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insuring a saw mill; Rillington (1845-1852) being papers about the title of the York and North Midland Railway; Ruston Parva (1820-1887) including tenancy agreements and papers and specifications for a new church and chancel in 1832; Scampston (17821944) including valuations of timber and inventories of furniture and house contents and leases of the house; Thornholme (1714-1858) including a 1714 survey and tenancy agreements; Thorpe Bassett (1783-1903) including an inventory of the goods of Robert Gypson 1834; various townships (1777-1878) including timber surveys and cropping books of the 1840s, charity distribution in the 1850s, an original bundle about land for the Hull to Bridlington railway and another for the York to Scarborough railway, an original bundle of papers of John Clumber of Malton 1814-1843 and the 1828 building accounts for the school at Harpham; London and Middlesex (1569-1827) including a 1569 lease for the messuage called 'the sign of the ship', the letters patent of Charles I in 1641 to John, Earl Rivers, and his mother, Elizabeth, Viscountess Savage, to pull down the decayed mansion and other tenements to build five good houses and 42 smaller houses on a street leading up to Tower Hill, 17th century leases and an 1827 insurance policy for a house at Sunbury; Binham, Norfolk (1354-1582) including a memorandum of the customs 1354-1506 and a 514 folio, bound volume 'View and Survey' of the manor of Bynton dated 1576 including an agreement dated 1432 of William Byrt, prior of the convent of Bynham for holding divine service and for installing a bell weighing 800 pounds; Yorkshire, North Riding (1856-1888) including the 1888 programme of amateur theatricals at the Theatre Royal in Malton. The remainder of DDSQ(3) falls into the following sections: accounts (1785-1787) including trust accounts and cash books; Beverley and Barmston Drainage (17981876); legal papers (1871-1881) including papers in a poaching case; rentals (17851860) being very full records of rentals on all estates; settlements (1767-1789) including the marriage settlement of George Darby and Mary St Quintin (1767); shrievalty (1841-1842) being minutes, lists of judges and lists of juries relating to the duties of sheriff in that year; various deeds (1785-1834); plans (1747-1938). There is also a pedigree of the Claxton family (17th century) and correspondence (1831-1889) including several hundred letters to John Clumber and Alfred Simpson, estate agents, covering all estate affairs including the building of schools and churches and 65 letters to William St Quintin in the 1880s. More than DDSQ and DDSQ(2), DDSQ(3) has some interesting miscellaneous material (1812-1902) including papers about the funeral of Arabella Bridget St Quintin in 1841 and the diary of Amy St Quintin in 1857 chronicling her husband's mental illness, as well as the diaries of William Henry St Quintin in Europe in the early 1870s, an 1884 wine list of Hedges and Butler and brass rubbings of St Quintin monuments at Harpham church. In addition to the St Quintin papers catalogued as DDSQ, DDSQ(2) and DDSQ(3), the papers of the Wickham-Boynton family of Burton Agnes (DDWB and DDWB[2]) also contain a lot of material for the Saint Quintins and there are also several original bundles of family papers catalogued as DRA/1075-1209. The latter comprise title deeds for Thurnholme and North Frodingham, for the manor of Harpham, for Ruston and for Thorpe Bassett; estate papers for Scampston; papers for Scagglethorpe and Rillington, including papers about the enclosure of Rillington; papers about the tithes of William St Quintin and Sir Griffith Boynton; papers about the East Yorkshire militia; the wills of William St Quintin (1723), William St Quintin (1768), Mary Dring (1730) and John Hanchett (1815) and the marriage settlements of John Greame and Mary Taylor (1699), John and Mary Hustler (1708) and Edward Dry and Abigail Thorley (1711).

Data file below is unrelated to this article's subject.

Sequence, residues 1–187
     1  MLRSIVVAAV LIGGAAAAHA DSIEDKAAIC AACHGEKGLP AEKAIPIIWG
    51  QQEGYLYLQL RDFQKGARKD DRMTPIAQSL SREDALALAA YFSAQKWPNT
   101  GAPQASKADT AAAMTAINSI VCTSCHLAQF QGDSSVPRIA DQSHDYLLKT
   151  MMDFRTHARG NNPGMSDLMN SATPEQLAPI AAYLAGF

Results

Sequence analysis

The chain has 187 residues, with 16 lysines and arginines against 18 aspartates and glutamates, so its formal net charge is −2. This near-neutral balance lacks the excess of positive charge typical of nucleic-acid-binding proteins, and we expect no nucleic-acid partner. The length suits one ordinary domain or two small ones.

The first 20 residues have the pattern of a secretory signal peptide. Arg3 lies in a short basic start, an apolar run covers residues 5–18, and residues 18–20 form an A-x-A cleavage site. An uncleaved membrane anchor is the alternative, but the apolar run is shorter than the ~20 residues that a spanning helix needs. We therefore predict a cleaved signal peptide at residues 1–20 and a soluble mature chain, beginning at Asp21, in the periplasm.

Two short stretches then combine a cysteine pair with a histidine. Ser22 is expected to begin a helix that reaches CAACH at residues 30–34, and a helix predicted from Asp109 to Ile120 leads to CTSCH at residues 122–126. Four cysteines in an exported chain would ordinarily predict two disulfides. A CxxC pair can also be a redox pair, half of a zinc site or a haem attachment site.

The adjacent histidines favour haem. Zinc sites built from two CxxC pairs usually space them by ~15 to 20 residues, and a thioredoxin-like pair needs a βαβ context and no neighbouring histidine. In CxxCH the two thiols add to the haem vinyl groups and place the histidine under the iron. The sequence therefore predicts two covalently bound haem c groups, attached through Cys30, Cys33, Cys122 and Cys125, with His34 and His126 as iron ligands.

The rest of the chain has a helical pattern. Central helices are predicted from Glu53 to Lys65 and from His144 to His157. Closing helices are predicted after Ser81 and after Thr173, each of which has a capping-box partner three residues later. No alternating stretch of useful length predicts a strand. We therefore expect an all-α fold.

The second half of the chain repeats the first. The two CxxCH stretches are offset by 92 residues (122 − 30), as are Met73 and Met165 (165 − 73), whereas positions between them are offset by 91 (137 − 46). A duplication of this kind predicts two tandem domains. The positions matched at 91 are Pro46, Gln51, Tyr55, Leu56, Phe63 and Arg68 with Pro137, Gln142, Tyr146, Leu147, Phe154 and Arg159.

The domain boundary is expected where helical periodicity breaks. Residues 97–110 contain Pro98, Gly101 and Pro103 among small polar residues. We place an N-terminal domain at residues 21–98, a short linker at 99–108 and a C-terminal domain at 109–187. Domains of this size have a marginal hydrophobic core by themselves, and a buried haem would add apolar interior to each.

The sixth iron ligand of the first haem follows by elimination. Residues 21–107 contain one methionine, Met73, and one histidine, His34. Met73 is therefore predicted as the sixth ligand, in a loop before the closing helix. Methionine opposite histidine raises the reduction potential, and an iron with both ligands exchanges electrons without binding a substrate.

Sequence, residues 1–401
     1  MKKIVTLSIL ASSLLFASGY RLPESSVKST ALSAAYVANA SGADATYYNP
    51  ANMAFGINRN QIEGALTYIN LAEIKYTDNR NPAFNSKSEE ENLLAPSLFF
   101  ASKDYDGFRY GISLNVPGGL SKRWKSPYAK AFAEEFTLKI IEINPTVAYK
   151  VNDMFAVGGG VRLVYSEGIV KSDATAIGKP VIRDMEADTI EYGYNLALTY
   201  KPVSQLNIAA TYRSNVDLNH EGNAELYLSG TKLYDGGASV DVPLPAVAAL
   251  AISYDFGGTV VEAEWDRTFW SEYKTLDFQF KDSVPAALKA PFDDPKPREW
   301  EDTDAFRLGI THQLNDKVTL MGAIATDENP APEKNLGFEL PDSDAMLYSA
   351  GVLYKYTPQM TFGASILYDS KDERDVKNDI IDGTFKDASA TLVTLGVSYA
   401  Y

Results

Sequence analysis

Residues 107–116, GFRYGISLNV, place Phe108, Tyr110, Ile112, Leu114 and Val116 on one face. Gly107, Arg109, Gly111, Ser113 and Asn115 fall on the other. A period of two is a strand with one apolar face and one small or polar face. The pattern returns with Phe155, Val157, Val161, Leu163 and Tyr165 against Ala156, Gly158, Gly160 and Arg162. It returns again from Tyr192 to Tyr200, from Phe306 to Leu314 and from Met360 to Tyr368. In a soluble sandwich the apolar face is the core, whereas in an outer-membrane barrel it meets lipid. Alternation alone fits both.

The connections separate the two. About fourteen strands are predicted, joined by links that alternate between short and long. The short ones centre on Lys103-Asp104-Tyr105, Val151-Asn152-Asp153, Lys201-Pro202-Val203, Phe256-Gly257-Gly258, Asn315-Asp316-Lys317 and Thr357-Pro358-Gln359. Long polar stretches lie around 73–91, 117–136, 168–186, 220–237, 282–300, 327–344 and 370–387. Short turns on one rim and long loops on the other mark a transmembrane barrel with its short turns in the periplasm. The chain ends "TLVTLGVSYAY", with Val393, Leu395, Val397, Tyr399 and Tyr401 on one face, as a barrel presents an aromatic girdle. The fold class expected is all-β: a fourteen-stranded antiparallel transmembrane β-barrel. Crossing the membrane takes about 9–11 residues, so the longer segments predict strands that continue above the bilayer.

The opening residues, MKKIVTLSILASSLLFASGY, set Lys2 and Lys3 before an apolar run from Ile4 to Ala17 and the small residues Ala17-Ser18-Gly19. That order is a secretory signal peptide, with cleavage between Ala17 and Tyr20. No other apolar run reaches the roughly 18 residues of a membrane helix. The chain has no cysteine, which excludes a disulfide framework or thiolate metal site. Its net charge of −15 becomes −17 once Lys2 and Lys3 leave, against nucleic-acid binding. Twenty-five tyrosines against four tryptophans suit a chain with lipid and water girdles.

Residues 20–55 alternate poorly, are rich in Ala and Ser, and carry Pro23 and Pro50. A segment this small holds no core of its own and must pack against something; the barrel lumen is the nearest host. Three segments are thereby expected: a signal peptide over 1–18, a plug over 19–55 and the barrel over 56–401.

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Administrative History Joseph Foster traced the pedigree of the St Quintin family back to Herbert St Quintin who is reputed to have arrived with William the Conqueror and been granted lands in the East Riding. Most histories follow this version of events, but George Poulson says that the earliest land transactions involving the St Quintin family come later. However, the family name is from the capital of Picardy and the family was clearly Norman in origin. In the early twelfth century Herbert St Quintin's descendant, Oliver St Quintin, was married to Adeliza who founded the Cistercian priory for nuns near Appleton that came to be called Nun Appleton, later the house of Thomas, 3rd Baron Fairfax (16121671). Their eldest son was a knight warrior who conquered part of Wales and their second son, Herbert St Quintin, was responsible for carrying on the family line that became feudal barons of Brandesburton and Skipsea in the East Riding in the early thirteenth century. Herbert St Quintin married Agnes, sister and co-heiress of Roger de Stutville who was lord of the manors of Burton Agnes and Harpham. On his death Harpham passed into the St Quintin family which was then the main seat of the St Quintin family until the second half of the seventeenth century. Harpham church contains the largest number of St Quintin monuments including a number of medieval brasses (Foster, Pedigrees, iii; Poulson, History and antiquities of Holderness, p.264, 267; Allison, History of the county of York East Riding, ii, p.224; Pevsner & Neave, York and the East Riding, p.450; Legard, The Legards, p.209; English, The great landowners of East Yorkshire, p.27). Herbert and Agnes St Quintin had five sons, the first three of whom had no issue. The fourth inherited his father's title of baron of St Quintin, though the barony expired with his great great grandson, Herbert St Quintin, who was summoned to parliament in 1294 and died in 1347. He left two daughters, the eldest of whom had no children. The youngest, Lora St Quintin married four times, lastly into the co-lateral branch of the family descended from Herbert and Agnes St Quintin's fifth son, Alexander St Quintin. Alexander St Quintin was given Harpham by his mother and the family also held the manors of Gransmoor and Thornholme from at least the twelfth century. Alexander St Quintin had nine sons and three daughters, all of whom, miraculously, lived to adulthood. His eldest son, William St Quintin, married a daughter of Sir John Routh and their son, also William St Quintin, married a daughter of Sir John Heslerton. The eldest male line of the Harpham branch of the family remained unbroken in this way for two more generations, until William St Quintin, who died in 1379 and whose striking alabaster tomb is one of the earliest in Harpham church. He appears to have been quite an active lord of the manor, establishing the chantry of St Mary in 1340. His wife, Joan, was the daughter of Sir Marmaduke Thweng and in 1374 she was licenced to crenallate a bell tower she built (Foster, Pedigrees, iii; Allison, History of the county of York East Riding, ii, pp. 109-10; Pevsner & Neave, York and the East Riding, pp.226, 449-50). William and Joan St Quintin had at least eight children. Their eldest son went into the church becoming prebend of St Martin, Beverley, in 1381, as well as the rector of Hornsea and Haisthorpe. Their second son, John St Quintin (d.1397), married Lora, daughter of Herbert St Quintin (as already mentioned). Their only son died without issue and the line continued through John St Quintin's second son by his second wife, Thomas St Quintin, who married Agnes Anlaby and had at least four sons. The eldest was John St Quintin (d.1471) who married an heiress, Alice Holme, and had at least three sons, the eldest of whom was also called John St Quintin (d. 1509). This John St Quintin married another heiress, Eleanor Thwaites, and they had five sons, the eldest of whom was another John St Quintin who married Margaret Constable of Flamburgh. He died young leaving an infant son, William St Quintin (b.1515). The latter married